(Just as a side note, this is where details are important. You might both say you want to live in the Salt Lake area and you want a house. Now, if this were me and my wife talking, she means she wants to live in a small house near downtown, and I mean I want a big house and big yard closer to Sandy. Details are key, and should be communicated early so you can start to compromise.)

  3. You can be honest about your financial history or something that made you realize the importance of planning:

    “You know, 2020 was a challenging year, both emotionally and financially. It made me think about my priorities and how it’s important to have goals and a financial plan. Can we start thinking about how to establish some goals together and how we be better prepared for our future, and for emergencies?”

  4. Or, if you’re like me, you can be romantic and say:

    “I love thinking about our future. What do you imagine our future to look like?

    (This can be the perfect lead in to an important conversation about your dreams and goals. And as I already mentioned, talk about the details! If your goal is to retire, make sure you include the specifics. You might want to save, save, save and retire early so you can enjoy more of your golden years, but your partner might want to spend some money each year to take vacations and retire a little later.)

Using Banking Tools to Develop and Meet Your Goals

You’ve prepared for the conversation. You’ve started the conversation. And once you’ve worked through and determined your goals as a couple, then you can start talking finances and planning. As a banker and a romantic at heart, this is where it gets exciting for me, because banking technology can help you and your partner realize your dreams. Not only does it provide you with an expansive set of budgeting and financial tracking tools, it can also help you make hard decisions once, instead of over and over again.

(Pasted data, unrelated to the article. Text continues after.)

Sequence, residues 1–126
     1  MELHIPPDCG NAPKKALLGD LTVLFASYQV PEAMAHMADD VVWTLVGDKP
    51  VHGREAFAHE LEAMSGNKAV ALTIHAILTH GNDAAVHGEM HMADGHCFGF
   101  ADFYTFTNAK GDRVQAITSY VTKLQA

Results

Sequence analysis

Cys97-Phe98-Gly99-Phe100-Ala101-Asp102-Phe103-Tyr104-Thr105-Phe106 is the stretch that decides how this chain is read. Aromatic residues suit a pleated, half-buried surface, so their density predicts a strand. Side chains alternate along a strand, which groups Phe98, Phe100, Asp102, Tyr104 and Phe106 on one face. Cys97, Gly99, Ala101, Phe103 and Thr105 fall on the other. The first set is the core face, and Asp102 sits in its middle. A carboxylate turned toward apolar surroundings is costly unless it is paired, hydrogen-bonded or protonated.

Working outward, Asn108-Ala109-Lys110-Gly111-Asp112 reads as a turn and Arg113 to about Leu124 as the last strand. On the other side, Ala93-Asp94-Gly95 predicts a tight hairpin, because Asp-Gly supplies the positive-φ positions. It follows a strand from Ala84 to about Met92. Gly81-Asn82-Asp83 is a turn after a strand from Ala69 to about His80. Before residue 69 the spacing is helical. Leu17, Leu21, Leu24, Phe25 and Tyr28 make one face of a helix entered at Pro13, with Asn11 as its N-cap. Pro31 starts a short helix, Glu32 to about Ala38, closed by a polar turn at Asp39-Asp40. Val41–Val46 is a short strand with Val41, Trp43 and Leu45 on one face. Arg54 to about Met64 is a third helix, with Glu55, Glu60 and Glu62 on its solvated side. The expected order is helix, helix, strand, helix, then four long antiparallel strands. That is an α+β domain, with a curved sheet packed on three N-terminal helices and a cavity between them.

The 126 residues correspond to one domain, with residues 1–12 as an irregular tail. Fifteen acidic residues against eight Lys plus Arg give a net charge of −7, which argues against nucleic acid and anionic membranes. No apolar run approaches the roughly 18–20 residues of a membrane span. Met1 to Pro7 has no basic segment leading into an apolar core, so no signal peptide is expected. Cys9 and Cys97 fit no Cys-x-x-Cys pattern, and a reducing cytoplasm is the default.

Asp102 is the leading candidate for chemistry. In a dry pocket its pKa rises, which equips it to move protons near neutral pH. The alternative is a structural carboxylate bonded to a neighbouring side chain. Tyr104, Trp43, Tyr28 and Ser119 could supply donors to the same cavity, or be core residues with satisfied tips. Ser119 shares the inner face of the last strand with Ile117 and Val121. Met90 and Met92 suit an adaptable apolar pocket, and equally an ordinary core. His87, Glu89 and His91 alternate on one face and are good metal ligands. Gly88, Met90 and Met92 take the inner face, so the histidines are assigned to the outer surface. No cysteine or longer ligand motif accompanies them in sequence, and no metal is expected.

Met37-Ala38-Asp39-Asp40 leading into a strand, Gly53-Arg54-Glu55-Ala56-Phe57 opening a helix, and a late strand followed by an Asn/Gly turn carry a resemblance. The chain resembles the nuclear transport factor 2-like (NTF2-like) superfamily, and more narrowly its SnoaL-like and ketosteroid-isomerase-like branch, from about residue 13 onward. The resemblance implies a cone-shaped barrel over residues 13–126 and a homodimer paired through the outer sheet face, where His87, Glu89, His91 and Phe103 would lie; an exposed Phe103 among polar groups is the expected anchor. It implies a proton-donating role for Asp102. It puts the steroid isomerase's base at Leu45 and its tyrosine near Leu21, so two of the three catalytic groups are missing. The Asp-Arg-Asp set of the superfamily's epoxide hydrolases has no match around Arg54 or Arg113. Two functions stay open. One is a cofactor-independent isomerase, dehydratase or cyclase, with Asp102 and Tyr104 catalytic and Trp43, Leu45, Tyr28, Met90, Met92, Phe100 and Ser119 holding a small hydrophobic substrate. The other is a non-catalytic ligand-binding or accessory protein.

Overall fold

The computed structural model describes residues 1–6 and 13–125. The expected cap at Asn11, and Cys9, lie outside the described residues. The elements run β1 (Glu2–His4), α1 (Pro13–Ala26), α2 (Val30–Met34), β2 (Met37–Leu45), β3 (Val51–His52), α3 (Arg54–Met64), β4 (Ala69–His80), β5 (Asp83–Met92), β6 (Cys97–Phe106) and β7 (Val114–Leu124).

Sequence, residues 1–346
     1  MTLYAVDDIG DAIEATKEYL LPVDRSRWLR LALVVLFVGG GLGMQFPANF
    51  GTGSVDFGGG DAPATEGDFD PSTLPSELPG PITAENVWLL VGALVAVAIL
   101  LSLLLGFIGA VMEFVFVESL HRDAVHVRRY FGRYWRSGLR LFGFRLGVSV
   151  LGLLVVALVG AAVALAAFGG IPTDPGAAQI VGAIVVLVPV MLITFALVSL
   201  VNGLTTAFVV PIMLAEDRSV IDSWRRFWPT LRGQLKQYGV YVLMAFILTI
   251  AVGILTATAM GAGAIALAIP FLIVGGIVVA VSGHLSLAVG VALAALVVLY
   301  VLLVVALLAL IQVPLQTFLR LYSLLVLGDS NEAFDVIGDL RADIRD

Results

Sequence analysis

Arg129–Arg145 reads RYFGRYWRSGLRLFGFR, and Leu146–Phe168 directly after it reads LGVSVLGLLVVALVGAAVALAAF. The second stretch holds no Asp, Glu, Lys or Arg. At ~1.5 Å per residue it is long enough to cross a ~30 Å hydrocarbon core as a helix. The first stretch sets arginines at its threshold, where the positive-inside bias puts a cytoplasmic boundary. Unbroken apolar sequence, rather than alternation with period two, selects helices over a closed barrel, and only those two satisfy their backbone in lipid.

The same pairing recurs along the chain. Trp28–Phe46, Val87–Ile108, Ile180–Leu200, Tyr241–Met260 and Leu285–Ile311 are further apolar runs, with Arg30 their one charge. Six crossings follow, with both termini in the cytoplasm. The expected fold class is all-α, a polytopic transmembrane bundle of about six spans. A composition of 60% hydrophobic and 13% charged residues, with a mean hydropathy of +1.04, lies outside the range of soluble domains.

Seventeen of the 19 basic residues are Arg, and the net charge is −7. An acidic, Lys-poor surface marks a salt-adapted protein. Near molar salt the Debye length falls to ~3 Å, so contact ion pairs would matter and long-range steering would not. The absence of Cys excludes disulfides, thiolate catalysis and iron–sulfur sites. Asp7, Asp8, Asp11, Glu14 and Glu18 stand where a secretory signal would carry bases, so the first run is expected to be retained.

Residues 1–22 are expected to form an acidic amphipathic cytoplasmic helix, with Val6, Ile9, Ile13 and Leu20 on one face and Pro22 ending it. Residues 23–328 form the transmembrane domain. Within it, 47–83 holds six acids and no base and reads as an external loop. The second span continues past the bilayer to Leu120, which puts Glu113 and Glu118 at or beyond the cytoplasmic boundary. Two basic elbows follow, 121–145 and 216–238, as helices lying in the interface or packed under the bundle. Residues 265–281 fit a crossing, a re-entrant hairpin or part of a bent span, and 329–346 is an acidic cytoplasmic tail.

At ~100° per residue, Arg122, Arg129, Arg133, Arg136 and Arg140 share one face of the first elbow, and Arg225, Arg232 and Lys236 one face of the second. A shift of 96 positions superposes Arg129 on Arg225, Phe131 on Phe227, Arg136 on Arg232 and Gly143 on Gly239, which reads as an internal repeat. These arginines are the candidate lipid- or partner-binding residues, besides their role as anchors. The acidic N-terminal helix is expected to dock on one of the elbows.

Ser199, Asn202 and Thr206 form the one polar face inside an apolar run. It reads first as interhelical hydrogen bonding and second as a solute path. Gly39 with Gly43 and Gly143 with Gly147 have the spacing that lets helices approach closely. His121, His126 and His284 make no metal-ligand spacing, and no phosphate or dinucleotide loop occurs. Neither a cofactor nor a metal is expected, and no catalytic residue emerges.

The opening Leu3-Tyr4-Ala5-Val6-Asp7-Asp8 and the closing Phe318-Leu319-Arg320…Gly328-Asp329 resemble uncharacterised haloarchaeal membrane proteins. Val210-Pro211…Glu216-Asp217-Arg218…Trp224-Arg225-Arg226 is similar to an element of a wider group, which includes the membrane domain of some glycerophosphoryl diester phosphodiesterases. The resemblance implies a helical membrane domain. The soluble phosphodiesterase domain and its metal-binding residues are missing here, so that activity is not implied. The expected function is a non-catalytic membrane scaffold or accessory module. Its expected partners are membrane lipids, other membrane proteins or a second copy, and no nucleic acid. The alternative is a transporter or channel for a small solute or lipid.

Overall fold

Let me explain.

Let’s say you and your partner agree to save a certain amount of money from your paycheck every two weeks. Don’t go in and move the money over to your savings account each and every time — you run the risk of forgetting, or worse, using the money for something else, like going out to an extravagant dinner. Use online banking to your advantage! Set up automatic payments, so you’re making one decision — to save — instead of 26 decisions a year! Use it as a tool to get what you want, together.

Approaching Finances as a Team

As I mentioned earlier, communication is incredibly important, so I’d like to share just a few pieces of parting advice.

Be understanding, and fight for your partner’s goals as you would your own. You will not always see eye to eye on everything when it comes to finances, but you can be open-minded and you can listen, and that goes a long way in reaching a compromise.

Trust is important. When you’re discussing money and goals, be truthful. Share your ideas and thoughts willingly, and don’t keep financial secrets. You may think it’s just a small secret, but it could get out of control and cause bigger problems in the future.

And finally, always remember the love you have for your partner. Talking through hard subjects together can help you strengthen and improve your relationship.


Ulises FernandezUlises Fernandez is the branch manager for Bank of Utah’s Sandy location. Originally from Argentina, he has been in the banking industry for five years, and prior to that, he worked as a business general manager for 10 years. He has volunteered for more than 12 years in local and state board positions for the PTA, including a PTA President & Emerging Minority Leader, which identifies, encourages and empowers minority families.